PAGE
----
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Tips for letting your newly qualified kids drive

Carlton Boyce / 01 October 2015 ( 19 December 2016 )

If your child has just passed their driving test, letting them loose on the road can be scary. Read our tips to ensure young drivers stay safe.

Young driver sat in a car
A quarter of all young drivers have at least one accident in their first six months of driving

Letting your children use your car for the first time - or for the first time in a while, if they've returned home from university for a few weeks' holiday and have their eyes firmly set on your wheels -  is one of those moments in your life where pride is neatly counter-balanced by fear: pride, because they’re grown-up and free; fear because there is just so much that could go wrong…

But, as with so many situations, proper planning can help mitigate the risks while maximising the pleasure. 

Here is our guide to helping them make the most of their fledgling motoring career.

Find out about the new motoring laws for the UK


Premiums for young drivers can easily reach four figures a year, making it tempting to add them to your policy for the first couple of years to save money. There’s nothing inherently wrong with doing this, providing they are genuinely the secondary, not primary, user of the car.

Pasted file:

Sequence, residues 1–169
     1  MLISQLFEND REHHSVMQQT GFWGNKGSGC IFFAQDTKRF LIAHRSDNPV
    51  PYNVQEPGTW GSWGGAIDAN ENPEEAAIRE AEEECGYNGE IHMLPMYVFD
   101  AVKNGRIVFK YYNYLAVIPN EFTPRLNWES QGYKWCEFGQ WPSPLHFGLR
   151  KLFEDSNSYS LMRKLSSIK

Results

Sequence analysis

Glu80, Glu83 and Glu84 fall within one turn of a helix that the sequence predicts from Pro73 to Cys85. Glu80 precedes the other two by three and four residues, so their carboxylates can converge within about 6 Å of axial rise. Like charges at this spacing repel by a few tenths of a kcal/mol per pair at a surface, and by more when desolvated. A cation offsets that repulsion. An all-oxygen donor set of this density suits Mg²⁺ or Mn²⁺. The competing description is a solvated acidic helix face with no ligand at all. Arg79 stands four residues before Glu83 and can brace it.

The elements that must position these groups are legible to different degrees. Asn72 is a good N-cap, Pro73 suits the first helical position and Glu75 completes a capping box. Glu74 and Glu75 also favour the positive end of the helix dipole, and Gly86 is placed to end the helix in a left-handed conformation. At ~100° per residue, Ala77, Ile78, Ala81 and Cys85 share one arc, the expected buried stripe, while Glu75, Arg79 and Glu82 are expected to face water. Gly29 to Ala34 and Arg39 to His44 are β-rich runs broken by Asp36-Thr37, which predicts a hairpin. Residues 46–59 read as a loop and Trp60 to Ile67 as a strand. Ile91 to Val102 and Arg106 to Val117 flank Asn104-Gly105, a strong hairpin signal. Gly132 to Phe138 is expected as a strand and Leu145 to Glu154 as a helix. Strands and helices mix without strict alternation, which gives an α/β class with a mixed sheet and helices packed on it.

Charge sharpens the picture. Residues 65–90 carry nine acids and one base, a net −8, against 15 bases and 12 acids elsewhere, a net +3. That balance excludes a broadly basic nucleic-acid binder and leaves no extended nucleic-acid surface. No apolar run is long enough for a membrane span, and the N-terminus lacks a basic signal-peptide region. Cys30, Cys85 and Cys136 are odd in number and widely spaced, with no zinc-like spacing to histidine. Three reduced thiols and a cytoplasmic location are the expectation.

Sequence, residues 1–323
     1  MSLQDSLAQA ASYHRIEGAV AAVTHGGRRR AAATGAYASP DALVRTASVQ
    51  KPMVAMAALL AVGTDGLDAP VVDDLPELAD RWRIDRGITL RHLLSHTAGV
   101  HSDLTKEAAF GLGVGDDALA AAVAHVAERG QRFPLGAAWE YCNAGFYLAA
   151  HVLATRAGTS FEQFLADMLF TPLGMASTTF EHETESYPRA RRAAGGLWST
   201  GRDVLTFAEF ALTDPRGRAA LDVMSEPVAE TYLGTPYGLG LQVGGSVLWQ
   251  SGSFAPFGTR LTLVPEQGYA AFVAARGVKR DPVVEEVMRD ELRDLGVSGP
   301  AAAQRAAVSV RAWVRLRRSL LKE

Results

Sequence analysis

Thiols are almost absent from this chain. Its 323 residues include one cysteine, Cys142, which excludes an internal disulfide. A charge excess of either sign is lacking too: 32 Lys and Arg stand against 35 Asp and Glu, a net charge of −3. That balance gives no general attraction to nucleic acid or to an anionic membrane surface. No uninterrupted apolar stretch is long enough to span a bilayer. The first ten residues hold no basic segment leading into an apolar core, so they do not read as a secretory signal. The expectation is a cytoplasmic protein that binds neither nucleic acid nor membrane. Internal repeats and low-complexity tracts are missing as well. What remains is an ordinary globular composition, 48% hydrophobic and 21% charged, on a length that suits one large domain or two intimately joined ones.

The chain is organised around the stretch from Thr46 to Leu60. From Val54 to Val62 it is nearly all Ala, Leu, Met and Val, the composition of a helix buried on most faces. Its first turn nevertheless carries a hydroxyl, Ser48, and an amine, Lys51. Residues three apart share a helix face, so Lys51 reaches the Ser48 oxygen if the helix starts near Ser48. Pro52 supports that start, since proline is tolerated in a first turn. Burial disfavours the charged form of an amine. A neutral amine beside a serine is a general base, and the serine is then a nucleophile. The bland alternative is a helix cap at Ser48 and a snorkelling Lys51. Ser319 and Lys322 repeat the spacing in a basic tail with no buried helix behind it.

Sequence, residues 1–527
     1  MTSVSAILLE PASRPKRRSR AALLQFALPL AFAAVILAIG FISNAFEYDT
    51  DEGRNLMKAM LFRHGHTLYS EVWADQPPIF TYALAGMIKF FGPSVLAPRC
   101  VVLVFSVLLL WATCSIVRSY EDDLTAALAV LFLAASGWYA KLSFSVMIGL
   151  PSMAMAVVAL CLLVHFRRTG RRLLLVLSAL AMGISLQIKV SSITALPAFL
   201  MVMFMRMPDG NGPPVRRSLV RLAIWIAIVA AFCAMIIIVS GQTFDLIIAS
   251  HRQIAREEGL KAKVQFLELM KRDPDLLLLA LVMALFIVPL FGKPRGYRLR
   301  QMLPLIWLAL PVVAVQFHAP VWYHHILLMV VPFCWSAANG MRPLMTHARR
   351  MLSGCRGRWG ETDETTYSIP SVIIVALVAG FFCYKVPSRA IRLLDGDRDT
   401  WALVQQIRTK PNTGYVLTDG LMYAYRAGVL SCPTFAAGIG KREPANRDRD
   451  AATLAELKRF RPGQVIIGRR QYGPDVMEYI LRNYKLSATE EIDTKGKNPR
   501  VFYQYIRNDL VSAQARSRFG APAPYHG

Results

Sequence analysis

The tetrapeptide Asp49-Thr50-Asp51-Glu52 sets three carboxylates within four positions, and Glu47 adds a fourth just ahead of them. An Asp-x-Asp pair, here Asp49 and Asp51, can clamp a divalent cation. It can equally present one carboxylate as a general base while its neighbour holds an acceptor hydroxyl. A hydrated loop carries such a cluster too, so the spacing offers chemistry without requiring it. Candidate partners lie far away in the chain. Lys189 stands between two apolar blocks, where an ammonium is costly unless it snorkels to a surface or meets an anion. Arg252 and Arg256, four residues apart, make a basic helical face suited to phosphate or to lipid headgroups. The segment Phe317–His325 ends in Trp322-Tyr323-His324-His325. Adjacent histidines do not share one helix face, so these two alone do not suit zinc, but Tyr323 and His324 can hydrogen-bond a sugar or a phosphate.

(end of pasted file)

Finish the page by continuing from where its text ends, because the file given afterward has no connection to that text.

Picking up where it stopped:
However, it isn’t necessarily the best course of action. If they have an accident, it will be your no claims bonus that takes the hit, and you’ll pay extra for years to come due to an accident that wasn’t your fault. It also means they aren’t building up their own no claims bonus, something that will stand them in good stead in the future.

So, while the initial figures might point towards a shared policy, long-term thinking suggests they get their own car and start with their own insurance cover from day one.

Saga Car Insurance is available exclusively for the over 50s, so you won't be penalised for a young driver's mistakes.

Driver training

Older drivers are sitting on a broad plateau of experience and maturity. Our reflexes are almost as good as they’ve ever been and any slight deterioration is more than off-set by decades of driving, which helps us make better decisions and risk assessments than those of new drivers. 

This is especially true of the newly qualified driver for whom passing the driving test may not have fully equipped them for the realities of the road. Despite only holding 8% of the total number of UK driving licences, drivers between the ages of 17 and 24 account for 30% of all road traffic accident fatalities, with a quarter of all young drivers having at least one accident in their first six months.

This is a sobering thought but the Institute of Advanced Motorists (IAM) could help with its Skill for Life course. Costing just £149, it not only gives them the skills to drive more safely, it might also help them qualify for cheaper car insurance.

Did you know you could be fined for hogging the middle lane? Read about sanctions for careless and inconsiderate driving.

Electronic angels

Consumer electronics have a place to play in keeping your children safe on the road with a variety of options available. Ford, for example, offers MyKey across its range. MyKey is a separate key that enables you to set the maximum speed of the car, along with limits on the radio volume and an early low-fuel warning.